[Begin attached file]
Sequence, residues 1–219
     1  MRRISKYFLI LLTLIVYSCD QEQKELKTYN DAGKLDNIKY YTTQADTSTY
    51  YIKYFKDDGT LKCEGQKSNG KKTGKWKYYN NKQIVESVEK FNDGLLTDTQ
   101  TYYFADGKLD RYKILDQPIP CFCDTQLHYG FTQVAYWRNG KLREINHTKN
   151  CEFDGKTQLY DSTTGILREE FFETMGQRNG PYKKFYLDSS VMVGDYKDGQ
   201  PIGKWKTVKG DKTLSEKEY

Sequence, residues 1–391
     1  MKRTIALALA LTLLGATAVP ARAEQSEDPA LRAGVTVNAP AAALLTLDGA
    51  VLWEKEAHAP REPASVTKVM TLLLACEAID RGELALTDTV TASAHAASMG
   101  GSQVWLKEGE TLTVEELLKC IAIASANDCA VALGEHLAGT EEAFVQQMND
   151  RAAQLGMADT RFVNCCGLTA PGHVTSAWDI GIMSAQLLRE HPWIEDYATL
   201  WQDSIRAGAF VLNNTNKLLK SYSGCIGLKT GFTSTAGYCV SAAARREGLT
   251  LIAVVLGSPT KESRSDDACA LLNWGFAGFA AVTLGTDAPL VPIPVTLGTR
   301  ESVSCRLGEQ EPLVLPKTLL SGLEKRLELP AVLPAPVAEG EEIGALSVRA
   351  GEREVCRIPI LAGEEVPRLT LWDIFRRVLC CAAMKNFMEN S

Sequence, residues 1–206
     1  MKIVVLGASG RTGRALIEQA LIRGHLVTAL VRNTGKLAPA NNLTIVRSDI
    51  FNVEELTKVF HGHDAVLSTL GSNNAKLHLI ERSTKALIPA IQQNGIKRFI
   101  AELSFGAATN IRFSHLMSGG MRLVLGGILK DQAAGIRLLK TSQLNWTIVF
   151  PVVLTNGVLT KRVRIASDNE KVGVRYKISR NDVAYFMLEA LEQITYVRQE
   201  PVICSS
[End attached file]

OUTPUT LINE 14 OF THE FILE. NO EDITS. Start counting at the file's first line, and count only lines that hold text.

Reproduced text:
   301  ESVSCRLGEQ EPLVLPKTLL SGLEKRLELP AVLPAPVAEG EEIGALSVRA